Build Philosophy

 
 
One of the criteria that was important to me in choosing the Sonex was that it could be built inexpensively. Generally, cheaper is better, but in the case of homebuilding, this usually means trading time for money. I definitely have more time than money, but that's OK because I like to build anyway. The Sonex is somewhat unique in that the plane can be built entirely from plans, as every detail of the construction (everything!) is completely and thoroughly documented in the plans. (The plans truly are the best in the industry.) However, should you decide to trade some of that hard earned money, each individual component can also be purchased from the factory. So in my case, having no welding experience and not really wanting to tackle that skill just yet, I will choose to buy the pre-welded components from Sonex.

This allows builders like me a great deal of freedom, and a nice confidence boost. I can tackle scratch building every part one at a time, and if things donít go well, or I canít get the precision I need, I can order that particular piece from Sonex.

This approach fits perfectly into my overall build philosophy:

ďStart small, build from scratch, buy parts I donít want or canít make myself. Exhaust all available materials before buying more. Put off high cost items (engine, prop, avionics) as long as possible.Ē

Start small. Spend the least amount of money necessary at any given time.

Build from scratch. Buy raw materials instead of the full kit. This allows me to spread the cost over a longer time, and essentially finance the cost myself. It is better to potentially pay slightly more money (shipping, no quantity discount, ect.) but to keep the remainder of that $12,000 kit price in the bank for a few more months or years! Along this line, I worked up a few scenarios where I spent more in the end buying piecemeal over time as opposed to one lump sum up-front and paying the interest rate on the loan while the parts sit in the garage. There are a whole bunch of factors to consider, but the indication I got when I had finished cranking through some numbers was that over a four year build, as long as I didnít get ripped off on the materials or place multiple orders per month, I was still better off "self financing" the project.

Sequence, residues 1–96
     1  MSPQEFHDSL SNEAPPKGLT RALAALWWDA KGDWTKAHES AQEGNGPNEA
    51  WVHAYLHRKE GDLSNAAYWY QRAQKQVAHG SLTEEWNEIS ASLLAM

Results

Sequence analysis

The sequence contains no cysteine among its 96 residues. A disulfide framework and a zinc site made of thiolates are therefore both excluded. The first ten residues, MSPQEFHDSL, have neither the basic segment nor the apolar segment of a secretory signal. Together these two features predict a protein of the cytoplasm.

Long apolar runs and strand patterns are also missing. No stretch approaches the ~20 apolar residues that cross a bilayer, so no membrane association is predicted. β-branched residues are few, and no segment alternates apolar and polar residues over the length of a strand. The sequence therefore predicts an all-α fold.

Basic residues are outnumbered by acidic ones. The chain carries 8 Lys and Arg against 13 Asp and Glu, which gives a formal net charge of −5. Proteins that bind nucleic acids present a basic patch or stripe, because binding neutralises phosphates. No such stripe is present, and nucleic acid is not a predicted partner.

As I mentioned above, I am estimating a four-year build time. Considering my available free time, family obligations, and cash flow, I feel this is a reasonable goal. Weíll see how this turns out.....

I estimate the cost of the plane to be $25,000 all-up with basic VFR instruments and the AeroVee engine. Figuring $7,000 for the firewall forward and $2000 in the panel, this suggests the majority of the plane can be built on a budget of about $300 per month. This is doable even on my single income family.

To implement this philosophy here is my plan:

  1. Purchase a base supply of raw materials to get started. This will consist of 8 sheets 0.025" aluminum and 3 sheets 0.032". This should allow me get a reasonable quantity discount and still keep the price under control.
  2. Start collecting sheet metal specific tools. Buy only what is necessary at the time. My purchasing analysis suggested that it was alright to spread this out even with shipping costs rather than stock up and pay the interest.
  3. Buy the angle stock and piano hinge.
  4. Purchase the pre-formed aluminum kit from Sonex. This eliminates the hassle of forming the larger channels and control surface skins.
  5. Next, rivets and hardware. Order extras from quantities listed in the Wicks hardware kit (based on other builder experiences). Extra Hardware Spreadsheet (Excel)
  6. When I can go no further, buy the welded components kit from Sonex.
  7. Buy accessories and finish components as necessary at this point.
  8. Get the engine, cowling, canopy, and instruments only after all other work has been exhausted.

This plan was laid out in the following excel spreadsheet: Build Plan Spreadsheet (Excel)


UPDATE 11 OCT 04: I have decided that I am going to buy the full kit. Everything I previously said still holds true, but my financial outlook says maybe I can swing the full kit soon. So, the new strategy looks like this.

  1. Purchase a base supply of angle stock to get started. This will consist initially of 1", 1.5", and 2" angle in 0.125" thickness. The idea here is to only buy what I need to work with for the next few months. Then, when I order my kit, I will see if Jeremy will just omit the material I already have and reduce the price a bit.
  2. Start collecting sheet metal specific tools. Buy only what is necessary at the time. My purchasing analysis suggested that it was alright to spread this out even with shipping costs rather than stock up and pay the interest.
  3. Purchase a full kit from Sonex when finances allow (hopefully at the Feb '05 builder workshop so I can get the $400 discount).
  4. Next, rivets and hardware. Order extras from quantities listed in the Wicks hardware kit.
  5. Get the engine and instruments only after all other work has been exhausted.

 

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Updated: 5 Jan 04